SNIA publishes storage interoperability standard

After years of foot-dragging by vendors reluctant to write their management software to standards, the storage industry has come together around an open management software interface that promises to help users view and more centrally control enterprisewide storage-area networks (SAN).

The Storage Networking Industry Association (SNIA), which represents about 300 vendors, yesterday announced at Storage Networking World that it has published for public comment Version 1.0 of the Storage Management Initiative (SMI), a 350-page specification formerly known as Bluefin.

The SMI specification includes the use of two related specifications: an object-oriented storage management framework called the Common Information Model (CIM), and Web-Based Enterprise Management, which defines an interface layer for sharing CIM data between products.

SNIA Chairman Sheila Childs immediately called on hundreds of users during an afternoon presentation at the conference to insist that their vendors make software SMI-compliant. Jerome Wendt, a senior information analyst at payment services giant First Data, said he's already considering making SMI-compliance a purchasing requirement for his procurement group.

"Right now, it's very difficult for me to gather the information I need (on my SAN)," he said. "In most of my applications, I don't need the level of detail that vendor application programming interfaces (API) provide. I just need a baseline to start with."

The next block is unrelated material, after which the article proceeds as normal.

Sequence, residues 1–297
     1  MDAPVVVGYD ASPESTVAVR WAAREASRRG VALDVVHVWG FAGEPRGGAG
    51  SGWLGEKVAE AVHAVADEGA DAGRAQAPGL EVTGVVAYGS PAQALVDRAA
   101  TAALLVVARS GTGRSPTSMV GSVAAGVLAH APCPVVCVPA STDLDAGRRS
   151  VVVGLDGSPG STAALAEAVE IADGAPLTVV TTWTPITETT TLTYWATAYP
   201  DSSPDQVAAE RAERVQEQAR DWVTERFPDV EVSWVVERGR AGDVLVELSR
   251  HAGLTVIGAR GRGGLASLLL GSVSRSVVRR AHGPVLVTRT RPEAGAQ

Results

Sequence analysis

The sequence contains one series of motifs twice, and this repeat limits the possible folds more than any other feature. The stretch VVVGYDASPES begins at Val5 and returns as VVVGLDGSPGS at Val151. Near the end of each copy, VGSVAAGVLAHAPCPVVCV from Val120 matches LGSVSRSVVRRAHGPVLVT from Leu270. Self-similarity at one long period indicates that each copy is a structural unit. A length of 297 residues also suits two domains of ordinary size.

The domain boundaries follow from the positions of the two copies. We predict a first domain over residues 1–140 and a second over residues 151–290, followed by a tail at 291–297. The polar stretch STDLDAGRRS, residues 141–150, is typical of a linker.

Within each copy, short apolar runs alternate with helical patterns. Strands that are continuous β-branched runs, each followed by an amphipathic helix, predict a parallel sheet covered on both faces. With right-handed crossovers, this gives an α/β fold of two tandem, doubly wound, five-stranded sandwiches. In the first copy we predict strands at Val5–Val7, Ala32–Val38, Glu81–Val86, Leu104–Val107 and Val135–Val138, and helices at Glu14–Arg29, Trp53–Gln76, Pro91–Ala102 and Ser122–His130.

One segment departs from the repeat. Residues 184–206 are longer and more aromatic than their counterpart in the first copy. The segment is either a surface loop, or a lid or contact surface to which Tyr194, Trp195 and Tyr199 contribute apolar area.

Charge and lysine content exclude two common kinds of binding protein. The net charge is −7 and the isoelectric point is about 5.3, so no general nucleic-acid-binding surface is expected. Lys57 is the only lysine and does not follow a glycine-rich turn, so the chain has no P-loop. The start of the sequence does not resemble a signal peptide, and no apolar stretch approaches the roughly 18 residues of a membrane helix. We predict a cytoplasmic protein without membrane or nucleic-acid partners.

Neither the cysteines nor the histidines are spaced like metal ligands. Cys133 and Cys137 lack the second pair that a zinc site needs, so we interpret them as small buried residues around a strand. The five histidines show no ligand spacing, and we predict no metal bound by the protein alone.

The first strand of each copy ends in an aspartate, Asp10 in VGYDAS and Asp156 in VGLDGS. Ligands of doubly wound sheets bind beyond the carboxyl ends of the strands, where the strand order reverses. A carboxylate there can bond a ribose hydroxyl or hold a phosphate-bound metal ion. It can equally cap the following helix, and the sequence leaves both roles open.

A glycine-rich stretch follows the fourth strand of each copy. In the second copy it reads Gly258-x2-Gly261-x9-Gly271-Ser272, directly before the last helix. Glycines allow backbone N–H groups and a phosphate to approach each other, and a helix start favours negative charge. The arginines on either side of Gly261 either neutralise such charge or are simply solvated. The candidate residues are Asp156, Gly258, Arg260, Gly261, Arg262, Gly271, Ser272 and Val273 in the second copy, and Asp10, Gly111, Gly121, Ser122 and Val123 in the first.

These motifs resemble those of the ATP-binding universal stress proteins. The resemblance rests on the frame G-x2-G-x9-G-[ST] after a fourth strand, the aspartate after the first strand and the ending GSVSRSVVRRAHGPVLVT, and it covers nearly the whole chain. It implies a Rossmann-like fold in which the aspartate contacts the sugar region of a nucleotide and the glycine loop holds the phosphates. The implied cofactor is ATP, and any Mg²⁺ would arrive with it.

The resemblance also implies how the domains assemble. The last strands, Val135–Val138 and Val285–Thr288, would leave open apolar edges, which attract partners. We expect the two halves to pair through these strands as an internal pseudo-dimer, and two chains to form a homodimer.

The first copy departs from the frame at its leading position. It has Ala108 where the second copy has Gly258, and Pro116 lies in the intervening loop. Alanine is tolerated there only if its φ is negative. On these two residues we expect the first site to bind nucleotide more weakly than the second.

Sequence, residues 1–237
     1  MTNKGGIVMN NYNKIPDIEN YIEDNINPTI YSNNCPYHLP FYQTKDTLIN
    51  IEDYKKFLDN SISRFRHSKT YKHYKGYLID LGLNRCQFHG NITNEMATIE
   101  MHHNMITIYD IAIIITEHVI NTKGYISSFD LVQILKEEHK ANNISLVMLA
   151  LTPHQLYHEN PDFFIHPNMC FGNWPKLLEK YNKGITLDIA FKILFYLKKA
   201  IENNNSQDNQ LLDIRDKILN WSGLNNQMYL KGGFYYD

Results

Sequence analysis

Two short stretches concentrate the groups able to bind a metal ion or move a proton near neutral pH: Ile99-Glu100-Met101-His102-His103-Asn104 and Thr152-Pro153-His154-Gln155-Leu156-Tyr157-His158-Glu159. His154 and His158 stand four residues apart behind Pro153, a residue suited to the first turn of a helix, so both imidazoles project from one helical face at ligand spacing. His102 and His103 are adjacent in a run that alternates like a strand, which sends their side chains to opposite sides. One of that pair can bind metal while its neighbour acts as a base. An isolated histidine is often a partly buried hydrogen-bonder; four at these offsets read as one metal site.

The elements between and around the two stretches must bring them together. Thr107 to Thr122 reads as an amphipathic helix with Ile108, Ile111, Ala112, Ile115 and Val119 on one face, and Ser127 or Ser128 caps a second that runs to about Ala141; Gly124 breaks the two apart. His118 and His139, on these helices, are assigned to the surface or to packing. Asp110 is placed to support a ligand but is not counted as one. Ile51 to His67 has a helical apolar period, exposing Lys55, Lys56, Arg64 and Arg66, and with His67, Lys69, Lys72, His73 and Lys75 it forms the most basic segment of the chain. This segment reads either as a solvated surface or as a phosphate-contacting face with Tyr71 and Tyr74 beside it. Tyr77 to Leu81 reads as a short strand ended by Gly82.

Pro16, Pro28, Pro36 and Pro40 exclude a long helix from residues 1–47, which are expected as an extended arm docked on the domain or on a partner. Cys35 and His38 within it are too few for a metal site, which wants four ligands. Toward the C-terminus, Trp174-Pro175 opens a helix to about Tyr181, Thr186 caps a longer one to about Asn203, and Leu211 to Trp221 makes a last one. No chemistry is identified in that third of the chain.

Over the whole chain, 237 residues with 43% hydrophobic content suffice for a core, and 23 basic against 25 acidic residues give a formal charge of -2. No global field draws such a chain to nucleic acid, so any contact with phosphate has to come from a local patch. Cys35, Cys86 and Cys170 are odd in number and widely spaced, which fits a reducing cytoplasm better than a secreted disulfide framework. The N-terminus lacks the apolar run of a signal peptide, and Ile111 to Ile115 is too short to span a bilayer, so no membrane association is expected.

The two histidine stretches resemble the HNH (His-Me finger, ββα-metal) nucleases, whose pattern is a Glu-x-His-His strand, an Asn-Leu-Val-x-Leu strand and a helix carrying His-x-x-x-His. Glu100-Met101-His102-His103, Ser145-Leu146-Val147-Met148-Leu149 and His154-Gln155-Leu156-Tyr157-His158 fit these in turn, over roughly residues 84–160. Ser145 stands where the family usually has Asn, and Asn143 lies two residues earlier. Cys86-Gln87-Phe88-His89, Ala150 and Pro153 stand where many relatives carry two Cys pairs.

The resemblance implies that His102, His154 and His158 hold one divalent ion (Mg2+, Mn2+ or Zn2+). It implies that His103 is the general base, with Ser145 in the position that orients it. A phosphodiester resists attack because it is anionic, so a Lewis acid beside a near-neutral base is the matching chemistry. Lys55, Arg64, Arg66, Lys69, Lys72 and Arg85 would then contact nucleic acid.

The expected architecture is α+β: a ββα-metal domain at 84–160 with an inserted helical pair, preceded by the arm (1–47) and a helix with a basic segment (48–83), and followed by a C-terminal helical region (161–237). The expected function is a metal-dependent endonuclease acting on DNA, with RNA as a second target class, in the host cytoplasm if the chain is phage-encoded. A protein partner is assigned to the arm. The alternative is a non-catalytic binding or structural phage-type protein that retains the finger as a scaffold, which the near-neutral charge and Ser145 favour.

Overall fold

Once greater numbers of vendors adopt the specification, Wendt said his company's business units will be able to make some of their own technology purchasing decisions based on whether the products are SMI-compliant.

SMI will provide a set of common APIs to which vendors can write management software that will allow interoperability between different vendor management programs, analysts said.

Wayne Rickard, chairman of the SNIA Technical Council, said SMI won't completely eliminate the need for API swaps between vendors for certain proprietary features such as remote troubleshooting capabilities. But the standard will eliminate swaps for more generic functions such as volume management, carving up storage for pools and performing application fail-overs.

"Those things are common to everybody, and we should have one way to do that," Rickard said.

Many software and hardware companies are already shipping -- or have announced that they will begin shipping this year -- CIM-compliant products. Those companies include IBM, EMC, Hitachi Data Systems, Sun Microsystems and Veritas Software.

Joel White, business technologist and storage architect at Allstate Insurance, said that once SMI is adopted by his vendors, he will be able to pool storage behind a single management application. "That's going to help us ensure our investment in legacy hardware and make it more available," he said. "Any time we can normalize processes, we can shrink our costs."

The comment period will last for 45 days. After that, Childs said, the preliminary release of the standard will occur in July and the final release is expected to happen sometime in October, but very little is expected to change between now and then.

Childs said SNIA is "tremendously interested in getting user feedback" on the new specification. Users can weigh in by visiting the SNIA Web site.

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